• Path to Citizenship: Holding a green card opens the door to applying for US citizenship after meeting specific residency requirements. Becoming a citizen grants you full political participation rights and strengthens your connection to the country.
  • Additional Advantages: Beyond these core benefits, green card holders can often access in-state tuition at public universities, qualify for certain federal benefits like Social Security, and own property without restrictions.

How to File for a Green Card? 

The process for filing a green card can vary depending on your eligibility category, but here’s a general outline based on guidelines from the US Citizenship and Immigration Services (USCIS):

  • Determine Your Eligibility: The first step is to identify the green card category that best suits your situation. USCIS provides resources to help you navigate the different categories on their website.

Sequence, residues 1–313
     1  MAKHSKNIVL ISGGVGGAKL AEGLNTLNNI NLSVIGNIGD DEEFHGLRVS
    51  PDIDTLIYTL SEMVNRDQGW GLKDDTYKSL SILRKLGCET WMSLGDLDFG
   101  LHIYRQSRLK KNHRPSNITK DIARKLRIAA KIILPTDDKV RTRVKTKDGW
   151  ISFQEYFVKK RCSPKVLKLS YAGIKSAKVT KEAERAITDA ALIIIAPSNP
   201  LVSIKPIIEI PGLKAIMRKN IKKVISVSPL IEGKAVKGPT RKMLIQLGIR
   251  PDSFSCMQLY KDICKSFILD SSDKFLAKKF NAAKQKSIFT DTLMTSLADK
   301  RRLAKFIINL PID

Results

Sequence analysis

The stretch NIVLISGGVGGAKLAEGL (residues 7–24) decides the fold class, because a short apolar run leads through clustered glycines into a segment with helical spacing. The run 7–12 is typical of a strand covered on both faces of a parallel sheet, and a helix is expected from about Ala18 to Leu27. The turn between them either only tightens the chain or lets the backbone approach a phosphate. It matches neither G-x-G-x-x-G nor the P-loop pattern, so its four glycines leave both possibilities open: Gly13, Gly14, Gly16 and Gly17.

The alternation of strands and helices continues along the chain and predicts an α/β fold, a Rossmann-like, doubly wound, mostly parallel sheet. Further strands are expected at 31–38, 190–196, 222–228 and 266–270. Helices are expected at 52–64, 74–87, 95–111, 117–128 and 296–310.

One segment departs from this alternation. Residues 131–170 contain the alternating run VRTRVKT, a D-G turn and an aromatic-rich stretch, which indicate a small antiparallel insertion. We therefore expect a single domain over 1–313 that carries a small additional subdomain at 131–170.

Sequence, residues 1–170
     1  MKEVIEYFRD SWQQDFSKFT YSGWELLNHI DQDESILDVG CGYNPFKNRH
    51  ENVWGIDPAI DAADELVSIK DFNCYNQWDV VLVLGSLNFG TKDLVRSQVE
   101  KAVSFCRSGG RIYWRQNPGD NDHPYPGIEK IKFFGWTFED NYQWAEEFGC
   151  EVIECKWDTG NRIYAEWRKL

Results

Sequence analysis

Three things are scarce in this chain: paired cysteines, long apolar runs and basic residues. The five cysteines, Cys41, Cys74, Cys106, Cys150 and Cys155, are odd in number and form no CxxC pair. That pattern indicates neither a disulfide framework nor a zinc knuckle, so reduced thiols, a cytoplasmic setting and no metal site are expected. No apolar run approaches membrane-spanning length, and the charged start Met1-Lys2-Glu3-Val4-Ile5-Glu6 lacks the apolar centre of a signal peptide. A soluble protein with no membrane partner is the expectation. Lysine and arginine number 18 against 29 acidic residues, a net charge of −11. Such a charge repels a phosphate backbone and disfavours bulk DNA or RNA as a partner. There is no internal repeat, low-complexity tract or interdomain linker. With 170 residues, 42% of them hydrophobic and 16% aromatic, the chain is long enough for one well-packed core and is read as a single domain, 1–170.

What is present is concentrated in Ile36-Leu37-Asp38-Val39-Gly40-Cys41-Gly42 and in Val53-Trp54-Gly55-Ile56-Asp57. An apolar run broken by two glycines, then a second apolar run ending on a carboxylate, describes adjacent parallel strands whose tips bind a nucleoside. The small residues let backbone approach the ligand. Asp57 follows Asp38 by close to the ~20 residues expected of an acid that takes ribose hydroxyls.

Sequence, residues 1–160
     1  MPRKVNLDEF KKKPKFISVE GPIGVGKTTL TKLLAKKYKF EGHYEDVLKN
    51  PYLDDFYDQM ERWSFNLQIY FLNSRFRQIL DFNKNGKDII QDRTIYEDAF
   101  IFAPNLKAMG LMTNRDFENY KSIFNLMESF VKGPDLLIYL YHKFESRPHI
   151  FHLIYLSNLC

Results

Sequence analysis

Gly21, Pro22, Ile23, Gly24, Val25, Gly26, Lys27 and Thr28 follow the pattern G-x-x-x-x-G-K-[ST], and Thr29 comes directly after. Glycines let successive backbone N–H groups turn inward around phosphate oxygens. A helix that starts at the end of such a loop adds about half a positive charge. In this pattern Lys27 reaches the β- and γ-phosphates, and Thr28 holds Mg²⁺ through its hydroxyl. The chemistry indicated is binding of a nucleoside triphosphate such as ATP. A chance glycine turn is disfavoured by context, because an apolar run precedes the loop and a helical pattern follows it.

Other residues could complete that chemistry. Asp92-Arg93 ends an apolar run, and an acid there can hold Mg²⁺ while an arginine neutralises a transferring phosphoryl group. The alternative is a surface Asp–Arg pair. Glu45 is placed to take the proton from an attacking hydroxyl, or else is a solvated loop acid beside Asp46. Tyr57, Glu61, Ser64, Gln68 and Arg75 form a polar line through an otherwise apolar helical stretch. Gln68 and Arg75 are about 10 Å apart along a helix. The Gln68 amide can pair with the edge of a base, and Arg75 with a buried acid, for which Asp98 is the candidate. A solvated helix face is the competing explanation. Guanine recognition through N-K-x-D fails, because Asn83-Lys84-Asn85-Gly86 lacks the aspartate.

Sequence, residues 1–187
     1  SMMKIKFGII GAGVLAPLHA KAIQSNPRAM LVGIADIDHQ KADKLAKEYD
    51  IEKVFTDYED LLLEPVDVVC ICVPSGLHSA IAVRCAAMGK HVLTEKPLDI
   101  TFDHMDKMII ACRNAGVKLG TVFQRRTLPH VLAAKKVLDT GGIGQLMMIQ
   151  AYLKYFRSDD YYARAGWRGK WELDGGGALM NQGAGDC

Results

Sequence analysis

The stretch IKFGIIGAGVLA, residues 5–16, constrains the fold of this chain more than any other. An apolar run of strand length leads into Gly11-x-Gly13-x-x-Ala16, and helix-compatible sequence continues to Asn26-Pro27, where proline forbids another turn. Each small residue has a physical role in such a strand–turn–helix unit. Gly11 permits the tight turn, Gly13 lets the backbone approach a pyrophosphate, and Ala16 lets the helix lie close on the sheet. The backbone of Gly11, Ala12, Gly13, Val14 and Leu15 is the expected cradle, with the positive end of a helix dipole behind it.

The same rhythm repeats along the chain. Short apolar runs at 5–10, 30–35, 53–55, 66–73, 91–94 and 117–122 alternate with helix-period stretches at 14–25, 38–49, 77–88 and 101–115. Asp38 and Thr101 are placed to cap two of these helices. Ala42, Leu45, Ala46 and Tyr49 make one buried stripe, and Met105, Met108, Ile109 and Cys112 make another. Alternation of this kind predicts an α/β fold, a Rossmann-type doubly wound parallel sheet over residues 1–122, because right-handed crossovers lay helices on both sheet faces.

• Petition and Application Forms: Most categories require you or your sponsor (usually a US citizen relative or employer) to file specific forms with USCIS. These forms can be found on the USCIS website. Common forms include:
      1. Form I-130 (Petition for Alien Relative): For family-based green cards.
      2. Form I-140 (Immigrant Petition for Alien Worker): For employment-based green cards.
  • Supporting Documentation: You’ll need to gather documents to support your application, such as birth certificates, marriage certificates, proof of employment, and financial statements. USCIS provides detailed instructions on required documentation for each category.
  • Filing Fees: There are associated fees for filing green card applications and petitions. You can find the current fee schedule on the USCIS website.
  • Biometrics and Interview: After submitting your application, you must attend a biometric services appointment for fingerprints and photos. Also, an interview with a USCIS officer might be necessary depending on your category.